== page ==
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Fodder for Thought

You Say Buy-Sell, I Say Sell-Buy

When it comes to stocker cattle profits, viewpoint is everything.


I've been working on a feature article about the success of Nebraska beef producer Doug Ferguson using sell-buy livestock marketing in his stocker-backgrounder operation. I mentioned Ferguson in last weeks' blog.

As I often do when writing, I went to social media to get feedback from others on the topic. I find this strategy useful because many times I get some really good comments which give me new ideas and inspiration for writing.

This topic however, didn't yield the usual helpful results. Instead the comments made me realize when it comes to sell-buy livestock marketing there's a lot of things people "think" they know but there's also a lot of things they don't. This form of livestock marketing is nothing new and is likely as old as the cattle business itself. In the past it's also been referred to by some as pinhooking or upgrading cattle.

So, to help clear up any confusion I'm going to explain the difference, with Ferguson's help of course.

First off, before we can clearly define what sell-buy marketing is, we must understand what it is not. One of the most common methods of marketing cattle is through a buy-sell method. Notice the reversal of the wording.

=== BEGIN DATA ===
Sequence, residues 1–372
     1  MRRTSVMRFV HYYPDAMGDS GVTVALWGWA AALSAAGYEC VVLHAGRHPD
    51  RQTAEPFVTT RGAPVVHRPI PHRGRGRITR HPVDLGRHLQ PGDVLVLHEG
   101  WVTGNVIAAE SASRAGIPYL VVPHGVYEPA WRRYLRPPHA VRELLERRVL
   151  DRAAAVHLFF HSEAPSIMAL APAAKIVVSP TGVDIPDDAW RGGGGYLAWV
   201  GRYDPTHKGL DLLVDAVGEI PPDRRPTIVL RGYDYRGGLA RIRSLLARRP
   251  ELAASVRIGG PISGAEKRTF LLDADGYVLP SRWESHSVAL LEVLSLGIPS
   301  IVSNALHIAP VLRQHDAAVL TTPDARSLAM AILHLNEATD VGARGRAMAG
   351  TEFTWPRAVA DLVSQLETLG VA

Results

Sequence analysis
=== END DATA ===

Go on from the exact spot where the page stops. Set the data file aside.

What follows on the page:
Buy-sell marketing means your accounting is all on the cattle you currently hold. It involves trying to time the cattle market and purchasing cattle at a low price, then holding onto these cattle for a period of time before selling, then figuring your profits or losses as sale price minus purchase price. This method increases risk given the fact that the market may go higher or lower while the buyer hopes to achieve some kind of margin on the sell.

Sell-buy marketing works differently. The cornerstone of this marketing method is selling the livestock you currently hold and buying replacement stock. Part of the goal is to sell "overvalued" stock and buy back "undervalued" livestock.

"We sell an animal and replace it with an animal of lesser value, taking our profit on the buy end," says Ferguson. "The ability to replace cattle at a profit dictates what we sell."

This philosophy is much different from the aforementioned buy-sell method and gives the cattle marketer the ability to greatly reduce or eliminate risk exposure and because transactions are made quickly and in a relatively short time window (usually the same day or week).

I'm starting to agree with Ferguson when he says "marketing is one of the least understood aspects of the cattle business." Sell-buy livestock marketing is not easy to implement. If done incorrectly money can be lost. Nor is it by any means the only method to market cattle. But for those out there using it effectively, sell-buy marketing can be a game changer.

Be sure to look for my article in the November print issue of Beef Producer to learn more as I explain Ferguson's experiences using this cattle marketing method to build his stocker-backgrounder business and how you can use these methods for youself.

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